By: David Kim | March 4, 2020
“Show me the money!” – a refrain often made by professional athletes and employees alike. Despite this demand, a start-up or scale-up company may not be in a position to show new employees all the money they desire to see due to the company’s cash constraints. The payment of stock options offers an alternate form of compensation on top of, or instead of, any monetary compensation.
Stock options provide an option holder with the right to buy a company’s shares at a pre-determined price per share. It is a form of equity compensation which incentivizes workers to drive and accelerate growth in a company.
The two main legal documents which govern stock options are (1) a stock option plan, and (2) a stock option agreement. This article provides an overview of both documents and gives you an understanding of how stock options work as a form of equity compensation.
Stock Option Plan
A stock option plan sets out the overall structure of the plan and specifies how a company’s option plan will be administered by the board of directors. Below are some main provisions of an option plan.
A stock option plan will specify which individuals are eligible to receive stock options. Typically, employees, consultants, advisors and directors are eligible to be granted stock options.
2. Fixed Plan or Rolling Plan
A stock option plan can be set up as either a “fixed plan” or “rolling plan.” In a fixed plan, the company reserves a specified number of shares that may be subject to the plan. Under a rolling plan, the company reserves a certain percentage (e.g., 10 – 20%) of the total number of company shares issued and outstanding that may be subject to the plan. For example, a company with a 15% stock option pool and 10 million shares issued and outstanding would have the ability to grant up to 1.5 million stock options.
Start-up and scale-up companies typically implement a rolling plan since the number of stock options that may be granted under the plan will rise commensurately as the company issues more shares over time.
An expiration period is specified for all stock options. In most cases, stock options will expire 10 years after the date of grant, at which point, the options will no longer be exercisable by an option holder.
4. Treatment of Options Upon Exit
There are many scenarios under which an option holder may leave the company – whether it be through resignation, termination of services, disability, retirement, etc. For each type of exit scenario, an option plan will state how an option holder’s stock options will be treated. In particular, the plan will set out the vesting terms and termination date of the options.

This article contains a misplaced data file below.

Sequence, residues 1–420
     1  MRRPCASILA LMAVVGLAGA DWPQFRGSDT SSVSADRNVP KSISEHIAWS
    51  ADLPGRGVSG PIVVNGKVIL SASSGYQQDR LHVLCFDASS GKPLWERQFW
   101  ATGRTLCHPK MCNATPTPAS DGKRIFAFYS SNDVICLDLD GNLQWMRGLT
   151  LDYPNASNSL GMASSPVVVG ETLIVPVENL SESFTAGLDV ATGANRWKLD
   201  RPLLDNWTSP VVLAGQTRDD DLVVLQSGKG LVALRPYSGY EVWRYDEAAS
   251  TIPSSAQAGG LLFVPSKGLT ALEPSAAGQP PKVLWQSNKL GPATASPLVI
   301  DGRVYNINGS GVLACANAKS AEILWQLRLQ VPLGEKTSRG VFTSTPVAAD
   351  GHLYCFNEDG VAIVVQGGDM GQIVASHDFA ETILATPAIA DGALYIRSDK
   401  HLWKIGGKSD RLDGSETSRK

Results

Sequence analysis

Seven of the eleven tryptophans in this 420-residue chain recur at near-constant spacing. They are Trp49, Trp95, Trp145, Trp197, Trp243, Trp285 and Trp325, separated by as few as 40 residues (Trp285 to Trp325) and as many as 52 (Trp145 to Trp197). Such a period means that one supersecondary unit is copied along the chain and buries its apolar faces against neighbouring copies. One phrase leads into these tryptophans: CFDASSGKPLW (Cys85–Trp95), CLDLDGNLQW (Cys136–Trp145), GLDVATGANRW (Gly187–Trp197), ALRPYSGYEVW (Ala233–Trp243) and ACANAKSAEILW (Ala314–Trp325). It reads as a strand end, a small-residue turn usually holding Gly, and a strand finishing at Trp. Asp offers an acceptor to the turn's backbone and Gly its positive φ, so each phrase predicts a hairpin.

5. Change of Control
In a change of control situation (e.g., sale of the business, new majority owners, merger, etc.), a stock option plan gives the board of directors discretion in dealing with any outstanding stock options. However, the board’s discretion is limited to certain courses of action which are specified in the option plan.
Stock Option Agreement
Stock options are granted to an individual through the entering into of a stock option agreement between the individual and the company. A stock option agreement provides an option holder with the contractual right to purchase shares of the company at a fixed price and at pre-determined times in the future. Below are the main provisions of a stock option agreement.
1. Number of Options
A stock option agreement will specify the number of stock options granted to an individual. For example, an option holder may be granted 100,000 stock options which will allow the option holder to purchase 100,000 common shares upon exercise of the options.
2. Exercise Price
An exercise price is the price at which an option holder can purchase a company share upon exercise of an option. For example, an exercise price of $1.00 will allow the option holder to purchase one common share of the company for $1.00 upon exercise of the option. And, if, at the time of purchase, a common share of the company is valued at more than $1.00, then the option holder will have received an economic benefit, which is calculated as the share price (e.g., $1.50) minus the exercise price (e.g., $1.00).
3. Vesting Schedule
“Vesting” refers to the period when stock options are available for exercise and shares can be purchased. In most stock option agreements, stock options are subject to a vesting schedule. This means that an option holder will only be able to exercise its options (i.e., buy shares) once the options have vested. For example, 100,000 stock options may be granted to an employee under a four-year vesting schedule, where 25,000 options vest after the end of each year for a duration of four years.
4. Manner of Exercise
An option holder would be able to exercise its stock options by completing and submitting to the company a notice of option exercise form, which will set out the number of shares to be purchased and the exercise price per share.
In conclusion, for a company looking to grow and scale, stock options provide an invaluable tool for attracting and retaining talented and qualified workers while limiting the use of the company’s cash reserves. Option holders are invested in the long-term success of the company since their options (and shares, if exercised) become more valuable as the company’s share value rises over time.
This article is for informational purposes only and does not constitute legal advice. This article is limited in scope to the use of stock options by private companies in Canada. For information regarding the tax implications of the use of stock options, you should speak with a qualified tax advisor.
Tags: Business Law, Corporate Law, Venture Capital, Private Equity, Growth Equity, Tech, Start-ups, Scale-ups, Founders, Equity Compensation